Throwback Thursday: Inside the Secretive Kremlin

Moscow Kremlin
I am going inside the Moscow Kremlin!!

The Moscow Kremlin is a symbol of the Russian State and probably known as one of the most secretive places ever! This beautiful building is one of the greatest architectural complexes in the world, and I got the chance to walk around inside these red walls!

After moving to Moscow I couldn’t wait to explore the wonders of the Kremlin, to see this place that I have heard so much about. The Moscow Kremlin includes four palaces and four cathedrals all enclosed by the red Kremlin wall and Kremlin towers. The complex still serves as the official residence of the President of the Russian Federation, but I didn’t get to glimpse him or any other famous officials during my visit.

Walking along the red brick walkway I could hardly contain my excitement as I  entered the Kremlin through one of the towers.

The Kremlin’s wall length is 2235 meters in length, and I think it would have been great if you could actually walk on top of the wall and view the city that way, but unfortunately half of the Kremlin is still in official use and not accessible to the public.
Inside the Secretive Kremlin
Row of cannons at the entrance
On our way to the Cathedral Square, which is the heart of the Kremlin, I passed a whole row of old war cannons. I wonder if these cannons were actually used during the war or if they were here just for decoration?
My favourite place in the Kremlin was definitely the Cathedral Square which is surrounded by cathedrals and other beautiful buildings. I love Cathedrals and this was like a playground for me, each Cathedral was unique with a different history and story and we spent quite a lot of time exploring them.

The first Cathedral I entered was the Cathedral of the Dormition which was completed in 1479. This is where all the Tsars of Russia were crowned! Several important dignitaries and patriarchs are buried here and their stone coffins stand along the one wall on the inside of the Cathedral. I couldn’t actually photograph these but they were elaborately decorated and covered in gems and gold.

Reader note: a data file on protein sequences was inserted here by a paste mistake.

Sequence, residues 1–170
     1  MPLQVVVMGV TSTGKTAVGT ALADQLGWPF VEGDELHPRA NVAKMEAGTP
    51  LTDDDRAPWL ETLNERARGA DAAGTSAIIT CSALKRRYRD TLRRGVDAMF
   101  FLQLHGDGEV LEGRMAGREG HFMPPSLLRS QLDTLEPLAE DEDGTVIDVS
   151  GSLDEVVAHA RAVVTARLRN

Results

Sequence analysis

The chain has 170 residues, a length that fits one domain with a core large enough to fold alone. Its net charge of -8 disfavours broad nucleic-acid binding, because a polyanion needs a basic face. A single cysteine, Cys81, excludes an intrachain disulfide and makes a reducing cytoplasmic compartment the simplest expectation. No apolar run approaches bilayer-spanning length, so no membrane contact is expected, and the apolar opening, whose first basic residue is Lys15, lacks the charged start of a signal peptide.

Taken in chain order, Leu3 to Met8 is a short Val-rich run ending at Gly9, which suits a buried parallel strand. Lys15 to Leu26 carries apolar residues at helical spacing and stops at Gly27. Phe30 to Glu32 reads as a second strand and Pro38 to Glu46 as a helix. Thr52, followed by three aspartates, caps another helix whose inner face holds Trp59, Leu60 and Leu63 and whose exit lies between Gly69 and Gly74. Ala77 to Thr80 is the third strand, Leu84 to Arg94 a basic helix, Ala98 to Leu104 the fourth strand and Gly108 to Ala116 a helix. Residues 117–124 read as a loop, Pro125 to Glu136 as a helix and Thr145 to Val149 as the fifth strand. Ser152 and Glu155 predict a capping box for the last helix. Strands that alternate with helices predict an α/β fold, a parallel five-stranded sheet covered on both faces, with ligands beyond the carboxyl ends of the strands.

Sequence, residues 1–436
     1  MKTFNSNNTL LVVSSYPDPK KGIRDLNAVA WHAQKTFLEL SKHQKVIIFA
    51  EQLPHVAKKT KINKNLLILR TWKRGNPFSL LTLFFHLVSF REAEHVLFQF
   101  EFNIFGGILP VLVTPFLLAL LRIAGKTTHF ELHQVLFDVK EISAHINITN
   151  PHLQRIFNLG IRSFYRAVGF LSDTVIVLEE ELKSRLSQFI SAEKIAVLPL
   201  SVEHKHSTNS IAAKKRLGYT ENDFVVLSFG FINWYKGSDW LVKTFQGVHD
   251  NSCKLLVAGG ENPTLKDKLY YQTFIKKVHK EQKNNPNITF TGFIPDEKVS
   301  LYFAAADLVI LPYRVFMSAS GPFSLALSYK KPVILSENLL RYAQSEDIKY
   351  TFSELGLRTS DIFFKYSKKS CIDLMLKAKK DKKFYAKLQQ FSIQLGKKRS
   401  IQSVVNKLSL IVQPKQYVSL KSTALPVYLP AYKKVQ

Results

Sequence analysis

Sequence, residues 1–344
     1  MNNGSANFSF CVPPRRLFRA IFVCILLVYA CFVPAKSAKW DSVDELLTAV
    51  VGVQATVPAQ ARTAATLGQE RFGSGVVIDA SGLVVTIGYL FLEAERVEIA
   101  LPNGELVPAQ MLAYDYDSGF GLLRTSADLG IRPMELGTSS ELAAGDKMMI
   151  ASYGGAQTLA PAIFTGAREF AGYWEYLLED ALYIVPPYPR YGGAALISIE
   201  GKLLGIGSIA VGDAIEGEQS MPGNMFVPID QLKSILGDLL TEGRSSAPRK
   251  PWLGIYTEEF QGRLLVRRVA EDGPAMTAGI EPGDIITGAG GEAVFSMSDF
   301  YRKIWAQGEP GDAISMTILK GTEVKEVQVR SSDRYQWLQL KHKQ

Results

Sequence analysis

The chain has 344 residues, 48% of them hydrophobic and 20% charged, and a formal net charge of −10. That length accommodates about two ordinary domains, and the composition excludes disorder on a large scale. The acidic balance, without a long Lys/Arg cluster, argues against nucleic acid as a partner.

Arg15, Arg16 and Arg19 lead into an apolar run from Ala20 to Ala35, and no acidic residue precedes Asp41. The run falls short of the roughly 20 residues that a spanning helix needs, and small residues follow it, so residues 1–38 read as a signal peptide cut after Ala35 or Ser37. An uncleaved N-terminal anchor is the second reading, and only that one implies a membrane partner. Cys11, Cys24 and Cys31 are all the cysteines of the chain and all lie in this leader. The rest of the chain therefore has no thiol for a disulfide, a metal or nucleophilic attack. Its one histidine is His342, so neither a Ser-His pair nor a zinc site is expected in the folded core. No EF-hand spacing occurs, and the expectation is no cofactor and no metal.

The Cathedral of the Annunciation was my second Cathedral and it is magnificent gold a gilded Cathedral built in 1489. This magnificent gold structure kept my attention for quite a while as it has very detailed work and paintings of all the saints on it. The cathedral is actually famous for its magnificent iconostasis (screen) which shields the sacred part of the church from view.

The Cathedral of the Annunciation was originally the domestic church of the Grand Dukes and Tsars and was connected by passages to the private quarters of the royal family. The Cathedral was used to celebrate name-days, weddings and baptisms. There was no sign of these secret passages otherwise I would definitely have tried to make my way into the Kremlin.

On the South-East side of the square looms the much larger Cathedral of the Archangel Michael , where almost all of the Muscovite monarchs from Ivan to Alexis I of Russia are buried. The Archangel Michael, the heavenly figure for war, was chosen as the patron saint of the rulers of Moscow and stands as protector above all the tombs in this church. With all the stone coffins that fill the church it does feel a bit more like a cemetery than a church. I had to squeeze between the tombs that covered the Cathedral floor just to get to the other side.

The inside of the Cathedral was dark and decorated with an abundance of rich, earthy colours. I would have loved to take photos of all of the Cathedral’s frescoes…maybe someday.

One of greatest treasures here is the burial vault of Ivan the Terrible. Ivan was the first to take the title of Tsar and therefore merited a special burial chamber, the construction of which he oversaw himself.  He also had the Ivan the Great Bell Tower named after himself. It is said to mark the exact centre of Moscow and resemble a burning candle.

The Tsar Bell is the largest bell in the world and stands on a pedestal next to the Ivan the Great Bell Tower. This bell unfortunately broke while they were transporting it and was left standing right where it fell.


There was still so much to see in the Kremlin that I had to come back another time as it is too much to take in all in one day!


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